So what suddenly changed for the Seahawks’ defense? How did they get their swagger and their domination back after blowing 17-point and nine-point leads in the fourth quarters to lose the previous two games?
First, they weren’t playing undefeated Cincinnati or Carolina Thursday night in Santa Clara. It was San Francisco (2-5), which pretty much disintegrates each time it plays Seattle nowadays.
The 49ers had just 142 total yards, their fewest since November 2006. They punted nine times. They had 17 net yards passing on 17 drop backs in the first half by Colin Kaepernick, who got sacked six times -- a career-high 3 1/2 times by Michael Bennett. The half-dozen sacks set Seattle’s season high.
But defensive coordinator Kris Richard, the subject of so much scrutiny and some scorn after the 2-4 start with four late leads blown by his once-vaunted unit, saw other reasons than it was just the 49ers.
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“We played like a team. We came out and we handled our business the way we know we are capable of,” Richard said in the hallway outside the Seahawks’ locker room, on his way to the team bus. “The only thing that mattered was the fact that we just kept playing. There wasn’t going to be a circumstance where, good or bad, that was going to have an effect on how we responded.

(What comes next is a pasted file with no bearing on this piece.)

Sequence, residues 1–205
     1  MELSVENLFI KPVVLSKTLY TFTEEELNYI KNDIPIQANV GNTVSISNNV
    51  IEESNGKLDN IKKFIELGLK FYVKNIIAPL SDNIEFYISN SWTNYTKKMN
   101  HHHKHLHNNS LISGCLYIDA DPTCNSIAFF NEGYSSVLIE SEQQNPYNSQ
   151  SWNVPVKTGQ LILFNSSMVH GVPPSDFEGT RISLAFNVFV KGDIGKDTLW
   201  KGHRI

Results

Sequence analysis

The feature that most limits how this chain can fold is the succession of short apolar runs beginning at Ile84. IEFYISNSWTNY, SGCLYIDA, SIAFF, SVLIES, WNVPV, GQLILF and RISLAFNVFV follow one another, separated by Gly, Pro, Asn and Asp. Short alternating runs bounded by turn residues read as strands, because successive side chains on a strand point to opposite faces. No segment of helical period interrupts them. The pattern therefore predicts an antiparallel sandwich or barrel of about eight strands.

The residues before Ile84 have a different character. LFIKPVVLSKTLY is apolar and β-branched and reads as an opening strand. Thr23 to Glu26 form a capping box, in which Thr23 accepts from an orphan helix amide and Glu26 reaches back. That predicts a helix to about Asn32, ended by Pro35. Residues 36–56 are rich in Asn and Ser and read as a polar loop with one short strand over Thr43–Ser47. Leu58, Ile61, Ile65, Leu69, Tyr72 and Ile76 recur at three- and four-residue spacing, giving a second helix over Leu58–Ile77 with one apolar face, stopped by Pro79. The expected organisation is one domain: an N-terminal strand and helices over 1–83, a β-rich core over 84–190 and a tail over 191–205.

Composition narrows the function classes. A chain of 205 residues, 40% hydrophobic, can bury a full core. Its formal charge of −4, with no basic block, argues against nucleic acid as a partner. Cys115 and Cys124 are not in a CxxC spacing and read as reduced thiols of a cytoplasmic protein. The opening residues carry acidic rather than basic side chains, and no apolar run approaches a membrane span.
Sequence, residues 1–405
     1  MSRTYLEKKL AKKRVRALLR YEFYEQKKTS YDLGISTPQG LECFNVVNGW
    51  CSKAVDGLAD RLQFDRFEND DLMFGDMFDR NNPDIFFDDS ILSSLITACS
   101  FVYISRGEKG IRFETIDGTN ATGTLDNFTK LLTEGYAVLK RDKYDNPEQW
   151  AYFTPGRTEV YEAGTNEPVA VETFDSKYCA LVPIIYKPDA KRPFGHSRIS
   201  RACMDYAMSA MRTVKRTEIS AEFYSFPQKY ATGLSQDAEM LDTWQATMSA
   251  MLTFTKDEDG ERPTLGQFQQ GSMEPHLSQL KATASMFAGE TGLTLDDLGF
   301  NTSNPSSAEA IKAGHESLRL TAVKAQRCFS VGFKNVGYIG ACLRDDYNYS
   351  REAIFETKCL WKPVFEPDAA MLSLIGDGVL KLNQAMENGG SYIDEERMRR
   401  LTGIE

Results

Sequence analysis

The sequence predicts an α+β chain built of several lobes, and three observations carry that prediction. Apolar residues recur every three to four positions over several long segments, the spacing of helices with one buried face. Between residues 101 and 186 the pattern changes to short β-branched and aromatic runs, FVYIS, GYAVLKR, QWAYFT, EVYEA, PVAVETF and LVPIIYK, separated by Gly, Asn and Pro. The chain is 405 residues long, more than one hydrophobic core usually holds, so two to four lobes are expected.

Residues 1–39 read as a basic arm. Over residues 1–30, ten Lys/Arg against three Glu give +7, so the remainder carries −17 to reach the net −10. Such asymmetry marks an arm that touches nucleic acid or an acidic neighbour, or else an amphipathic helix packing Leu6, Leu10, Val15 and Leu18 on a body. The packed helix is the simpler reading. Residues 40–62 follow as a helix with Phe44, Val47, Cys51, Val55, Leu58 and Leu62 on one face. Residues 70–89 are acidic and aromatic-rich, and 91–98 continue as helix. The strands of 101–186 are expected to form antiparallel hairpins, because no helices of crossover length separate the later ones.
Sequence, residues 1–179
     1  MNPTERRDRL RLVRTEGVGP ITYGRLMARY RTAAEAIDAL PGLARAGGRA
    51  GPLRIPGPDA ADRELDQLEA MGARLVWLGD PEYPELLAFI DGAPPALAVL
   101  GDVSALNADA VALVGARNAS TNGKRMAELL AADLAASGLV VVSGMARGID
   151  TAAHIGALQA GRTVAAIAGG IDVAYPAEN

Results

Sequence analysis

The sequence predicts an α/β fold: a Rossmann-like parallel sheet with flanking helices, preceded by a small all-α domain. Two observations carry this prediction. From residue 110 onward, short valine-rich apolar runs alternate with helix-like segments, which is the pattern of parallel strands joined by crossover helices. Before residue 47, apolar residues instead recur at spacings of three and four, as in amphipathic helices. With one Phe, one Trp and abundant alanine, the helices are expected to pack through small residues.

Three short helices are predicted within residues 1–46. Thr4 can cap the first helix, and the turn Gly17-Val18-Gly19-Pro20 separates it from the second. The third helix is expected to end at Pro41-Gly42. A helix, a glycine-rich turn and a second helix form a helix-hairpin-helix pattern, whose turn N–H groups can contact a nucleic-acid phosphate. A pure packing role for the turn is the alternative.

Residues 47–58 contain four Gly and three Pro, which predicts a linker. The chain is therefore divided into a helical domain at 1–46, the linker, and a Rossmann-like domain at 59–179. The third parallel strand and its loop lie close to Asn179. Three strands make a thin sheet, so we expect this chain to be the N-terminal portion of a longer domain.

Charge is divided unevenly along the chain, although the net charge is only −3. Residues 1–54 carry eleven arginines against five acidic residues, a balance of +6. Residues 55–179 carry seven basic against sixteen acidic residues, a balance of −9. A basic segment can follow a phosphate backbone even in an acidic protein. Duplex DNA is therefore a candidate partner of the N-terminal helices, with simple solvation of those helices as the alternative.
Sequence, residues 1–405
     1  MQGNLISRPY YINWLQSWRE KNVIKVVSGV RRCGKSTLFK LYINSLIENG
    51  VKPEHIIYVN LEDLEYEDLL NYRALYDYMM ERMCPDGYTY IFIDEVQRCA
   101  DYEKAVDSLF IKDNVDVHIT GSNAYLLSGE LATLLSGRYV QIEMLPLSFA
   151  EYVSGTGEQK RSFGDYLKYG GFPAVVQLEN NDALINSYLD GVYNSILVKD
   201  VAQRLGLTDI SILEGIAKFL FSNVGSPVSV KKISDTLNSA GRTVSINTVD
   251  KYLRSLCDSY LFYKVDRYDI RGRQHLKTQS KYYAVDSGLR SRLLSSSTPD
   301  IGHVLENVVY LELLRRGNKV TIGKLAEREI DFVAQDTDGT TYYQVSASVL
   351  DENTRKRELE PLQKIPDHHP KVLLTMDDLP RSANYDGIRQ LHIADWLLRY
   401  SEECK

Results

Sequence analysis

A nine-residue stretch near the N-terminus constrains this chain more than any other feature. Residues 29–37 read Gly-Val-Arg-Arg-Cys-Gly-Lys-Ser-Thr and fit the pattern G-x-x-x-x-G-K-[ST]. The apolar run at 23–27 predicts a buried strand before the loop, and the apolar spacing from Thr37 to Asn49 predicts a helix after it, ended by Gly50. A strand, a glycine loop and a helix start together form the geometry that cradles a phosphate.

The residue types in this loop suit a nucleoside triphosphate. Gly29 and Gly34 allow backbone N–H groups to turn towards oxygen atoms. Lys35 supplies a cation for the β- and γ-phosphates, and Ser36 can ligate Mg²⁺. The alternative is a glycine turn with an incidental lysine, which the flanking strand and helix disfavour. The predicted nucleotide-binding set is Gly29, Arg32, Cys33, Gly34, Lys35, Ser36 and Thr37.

“We maximized each play.”
Bennett said his theme to defensive mates this short week between games was “chopping wood.” The result: Seattle’s fewest yards allowed since the 139 to which it held Philadelphia in a 24-14 win last Dec. 7.
“That’s just a worker’s mentality,” Richard said. “Put your hard hat on, strap on your boots and just go to work.”
I asked Richard if he felt there was a need to reinforce that mentality this week, after allowing 27 points in each of the previous two games.
“Yeah, absolutely,” the coordinator said. “In light of our past two games it’s was ... Just. Go. Play. Don’t worry about anything else. Not finishing. Not all the other stuff that’s come about. You can make a big deal about all that stuff right there, and all of a sudden that rallying cry becomes something more of a dreadful thing. Really, the main thing is to just keep playing.”
Richard credited defensive-line coaches Travis Jones and Dwaine Board for the plan that got the Seahawks the six sacks, including 1 1/2 from Cliff Avril.
The defensive end opposite Bennett doesn’t dance as Bennett does and is far quieter -- who isn’t quieter than Bennett. Avril just continues to excel. I think he’s been the best, most consistent Seahawks defender through seven games.
“They were prepared,” Richard said. “The guys locked in. They studied. And they executed.
“A great exhibition of Seahawks football.”